Inserts a new (generically named) print job, whose content is a Byte array, into the queue.
Assembly: System.Printing (in System.Printing.dll)
Use this method to write device specific information, to a spool file, that is not automatically included by the Microsoft Windows spooler. Of course, you need to know whether the spool file is Enhanced Metafile (EMF) or XML Paper Specification (XPS). If you prefer to work with the Stream API, you can use the PrintQueueStream class instead of this method.
After the AddJob method has been called, you must write a Byte array to the JobStream property of the PrintSystemJobInfo that is returned by AddJob or no print job is created. This array is what prints if the printer is working and is not paused.
If the JobStream is not closed with Close before the end of the thread in which AddJob is called, then an InvalidOperationException is thrown when that thread ends because the spooler thread cannot gain control over the Stream object.
In the print queue's graphical user interface (GUI), the job has the name "Print System Document". To give the job a different name, use the AddJob(String) overload.
Other ways to print in Windows Presentation Foundation (WPF) include the PrintDialog.PrintDocument method, which can be used with or without opening the dialog, and the many Write and WriteAsync methods of the XpsDocumentWriter.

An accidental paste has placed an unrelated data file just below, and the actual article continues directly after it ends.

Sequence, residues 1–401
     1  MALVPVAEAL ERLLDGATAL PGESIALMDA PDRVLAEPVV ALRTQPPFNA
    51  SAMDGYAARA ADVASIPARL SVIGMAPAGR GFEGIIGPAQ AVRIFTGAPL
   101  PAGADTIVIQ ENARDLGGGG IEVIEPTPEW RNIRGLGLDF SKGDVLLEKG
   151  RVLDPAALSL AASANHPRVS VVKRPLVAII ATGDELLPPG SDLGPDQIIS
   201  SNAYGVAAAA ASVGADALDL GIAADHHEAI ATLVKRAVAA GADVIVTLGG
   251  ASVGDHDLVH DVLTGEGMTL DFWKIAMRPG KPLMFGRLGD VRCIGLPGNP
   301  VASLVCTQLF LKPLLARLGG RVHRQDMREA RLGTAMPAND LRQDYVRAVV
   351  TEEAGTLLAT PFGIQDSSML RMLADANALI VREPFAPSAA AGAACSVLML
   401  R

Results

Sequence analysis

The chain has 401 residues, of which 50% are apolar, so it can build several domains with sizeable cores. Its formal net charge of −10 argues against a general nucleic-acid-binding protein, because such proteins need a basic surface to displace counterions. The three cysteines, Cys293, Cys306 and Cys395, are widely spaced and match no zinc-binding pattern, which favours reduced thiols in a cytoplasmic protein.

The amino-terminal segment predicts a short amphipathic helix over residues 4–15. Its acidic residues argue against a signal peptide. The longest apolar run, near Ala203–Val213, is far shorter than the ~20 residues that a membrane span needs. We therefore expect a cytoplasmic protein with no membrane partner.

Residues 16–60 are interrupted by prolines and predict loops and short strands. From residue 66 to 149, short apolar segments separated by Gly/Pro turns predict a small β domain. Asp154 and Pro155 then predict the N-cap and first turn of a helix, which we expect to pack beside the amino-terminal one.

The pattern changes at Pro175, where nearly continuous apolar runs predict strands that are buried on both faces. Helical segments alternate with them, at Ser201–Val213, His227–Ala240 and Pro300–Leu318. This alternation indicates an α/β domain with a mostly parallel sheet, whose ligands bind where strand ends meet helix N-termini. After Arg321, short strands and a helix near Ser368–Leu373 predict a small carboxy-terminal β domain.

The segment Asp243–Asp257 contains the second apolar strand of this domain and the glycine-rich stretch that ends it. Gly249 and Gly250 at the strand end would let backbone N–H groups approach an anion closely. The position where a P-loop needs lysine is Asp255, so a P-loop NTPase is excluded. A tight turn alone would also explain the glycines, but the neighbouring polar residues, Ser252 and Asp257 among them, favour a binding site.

The following example shows how to use to send a Byte array to a print queue. This code only works with printers that can detect and print plain text. Some of them cannot.
// Create the printer server and print queue objects LocalPrintServer localPrintServer = new LocalPrintServer(); PrintQueue defaultPrintQueue = LocalPrintServer.GetDefaultPrintQueue(); // Call AddJob PrintSystemJobInfo myPrintJob = defaultPrintQueue.AddJob(); // Write a Byte buffer to the JobStream and close the stream Stream myStream = myPrintJob.JobStream; Byte myByteBuffer = UnicodeEncoding.Unicode.GetBytes("This is a test string for the print job stream."); myStream.Write(myByteBuffer, 0, myByteBuffer.Length); myStream.Close();